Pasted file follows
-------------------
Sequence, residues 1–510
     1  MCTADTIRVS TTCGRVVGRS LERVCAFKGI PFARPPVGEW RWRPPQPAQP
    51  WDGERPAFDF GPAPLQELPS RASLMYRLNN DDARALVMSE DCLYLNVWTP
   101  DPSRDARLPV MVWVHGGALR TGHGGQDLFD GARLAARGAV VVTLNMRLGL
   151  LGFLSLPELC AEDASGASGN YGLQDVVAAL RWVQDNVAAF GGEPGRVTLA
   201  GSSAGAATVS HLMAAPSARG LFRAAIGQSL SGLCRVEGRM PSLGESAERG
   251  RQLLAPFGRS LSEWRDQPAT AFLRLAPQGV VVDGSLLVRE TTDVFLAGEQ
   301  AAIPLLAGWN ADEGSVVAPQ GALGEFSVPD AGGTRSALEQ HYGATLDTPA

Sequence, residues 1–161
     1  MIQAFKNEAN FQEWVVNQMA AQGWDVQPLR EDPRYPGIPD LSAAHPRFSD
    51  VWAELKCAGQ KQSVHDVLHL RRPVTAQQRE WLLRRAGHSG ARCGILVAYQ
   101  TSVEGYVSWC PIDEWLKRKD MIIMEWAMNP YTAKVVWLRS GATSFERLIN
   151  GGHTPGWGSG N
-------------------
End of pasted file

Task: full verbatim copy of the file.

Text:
Sequence, residues 1–510
     1  MCTADTIRVS TTCGRVVGRS LERVCAFKGI PFARPPVGEW RWRPPQPAQP
    51  WDGERPAFDF GPAPLQELPS RASLMYRLNN DDARALVMSE DCLYLNVWTP
   101  DPSRDARLPV MVWVHGGALR TGHGGQDLFD GARLAARGAV VVTLNMRLGL
   151  LGFLSLPELC AEDASGASGN YGLQDVVAAL RWVQDNVAAF GGEPGRVTLA
   201  GSSAGAATVS HLMAAPSARG LFRAAIGQSL SGLCRVEGRM PSLGESAERG
   251  RQLLAPFGRS LSEWRDQPAT AFLRLAPQGV VVDGSLLVRE TTDVFLAGEQ
   301  AAIPLLAGWN ADEGSVVAPQ GALGEFSVPD AGGTRSALEQ HYGATLDTPA

Sequence, residues 1–161
     1  MIQAFKNEAN FQEWVVNQMA AQGWDVQPLR EDPRYPGIPD LSAAHPRFSD
    51  VWAELKCAGQ KQSVHDVLHL RRPVTAQQRE WLLRRAGHSG ARCGILVAYQ
   101  TSVEGYVSWC PIDEWLKRKD MIIMEWAMNP YTAKVVWLRS GATSFERLIN
   151  GGHTPGWGSG N